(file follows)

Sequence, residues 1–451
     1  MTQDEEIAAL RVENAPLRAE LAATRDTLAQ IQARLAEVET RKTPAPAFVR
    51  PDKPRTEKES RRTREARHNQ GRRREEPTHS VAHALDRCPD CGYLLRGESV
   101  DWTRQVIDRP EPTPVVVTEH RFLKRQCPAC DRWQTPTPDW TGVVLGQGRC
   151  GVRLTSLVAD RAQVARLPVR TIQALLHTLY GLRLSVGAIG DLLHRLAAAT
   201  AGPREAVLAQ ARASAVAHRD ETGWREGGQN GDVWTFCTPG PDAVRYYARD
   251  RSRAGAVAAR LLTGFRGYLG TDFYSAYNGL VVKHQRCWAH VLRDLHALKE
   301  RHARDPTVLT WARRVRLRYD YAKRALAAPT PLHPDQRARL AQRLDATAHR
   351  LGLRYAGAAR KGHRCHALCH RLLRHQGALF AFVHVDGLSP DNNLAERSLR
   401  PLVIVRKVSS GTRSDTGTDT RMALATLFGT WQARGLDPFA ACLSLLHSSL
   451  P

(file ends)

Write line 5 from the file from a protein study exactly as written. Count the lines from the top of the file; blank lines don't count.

   151  GVRLTSLVAD RAQVARLPVR TIQALLHTLY GLRLSVGAIG DLLHRLAAAT